18-122. Report on the possibility of posting a "no trucks" sign on Hancock Street.
Councillor Mallon, Councillor Siddiqui (O-3) from 11/19/2018
18-123. Report on ensuring funding for our municipal media services.
Councillor Mallon, Councillor Siddiqui, Vice Mayor Devereux, Mayor McGovern (O-9) from 11/19/2018
18-127. Report on providing a timeline when the City Council can expect to receive the draft zoning and public health regulations for urban farming.
Vice Mayor Devereux, Councillor Mallon, Councillor Zondervan (O-1) from 11/26/2018
18-129. Report on conducting a comprehensive, independent planning, and parking study of the neighborhood and use of the First Street Garage within 6months.
Councillor Zondervan, Vice Mayor Devereux, Councillor Siddiqui, Councillor Carlone (Calendar Item #1) from 11/19/2018
18-130. Report on working with the Chair of the Civic Unity Committee, the Director of the Cambridge Library, the Director of 22-CityView, the Director of the Women’s Commission, and any other appropriate City personnel to begin planning for a public discussion in recognition of 100 Years of Women’s Suffrage.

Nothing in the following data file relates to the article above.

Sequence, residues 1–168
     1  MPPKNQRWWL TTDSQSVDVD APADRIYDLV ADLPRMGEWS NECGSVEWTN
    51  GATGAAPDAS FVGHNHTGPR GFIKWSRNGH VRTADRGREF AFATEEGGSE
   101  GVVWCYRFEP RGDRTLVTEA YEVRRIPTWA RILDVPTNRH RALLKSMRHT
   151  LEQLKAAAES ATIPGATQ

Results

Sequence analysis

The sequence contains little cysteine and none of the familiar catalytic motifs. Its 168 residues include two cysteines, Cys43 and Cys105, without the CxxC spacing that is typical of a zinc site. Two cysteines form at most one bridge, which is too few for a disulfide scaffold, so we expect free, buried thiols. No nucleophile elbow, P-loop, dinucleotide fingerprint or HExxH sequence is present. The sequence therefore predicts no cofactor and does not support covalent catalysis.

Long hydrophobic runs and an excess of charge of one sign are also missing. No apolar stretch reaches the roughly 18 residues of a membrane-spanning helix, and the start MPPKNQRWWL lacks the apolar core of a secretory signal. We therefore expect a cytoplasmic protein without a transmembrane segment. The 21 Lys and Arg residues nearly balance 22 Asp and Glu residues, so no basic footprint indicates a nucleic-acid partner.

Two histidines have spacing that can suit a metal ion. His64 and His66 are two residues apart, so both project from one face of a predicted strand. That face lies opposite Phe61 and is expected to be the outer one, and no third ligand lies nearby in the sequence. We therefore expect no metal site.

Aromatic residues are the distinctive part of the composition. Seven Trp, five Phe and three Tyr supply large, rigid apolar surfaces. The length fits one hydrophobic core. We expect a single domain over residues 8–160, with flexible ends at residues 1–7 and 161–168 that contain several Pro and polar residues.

Councillor Simmons, Councillor Siddiqui, Councillor Mallon, Vice Mayor Devereux (O-3) from 12/3/2018
18-132. Report on the negative traffic impact regarding the Davis Square Neighborhood Plan.
Councillor Kelley, Vice Mayor Devereux (O-5) from 12/3/2018
18-133. Report on raising the fines for blocking both loading zones and bike lanes to a comparable rate to Boston for the 2020 fiscal year.
Councillor Mallon, Vice Mayor Devereux, Councillor Kelley (O-9) from 12/3/2018
18-134. Report on creating a more inclusive city website, including an Open Meeting Portal registration form that does not require the use of gendered pronouns, salutations or titles.
Councillor Zondervan, Councillor Simmons, Councillor Mallon (O-11) from 12/3/2018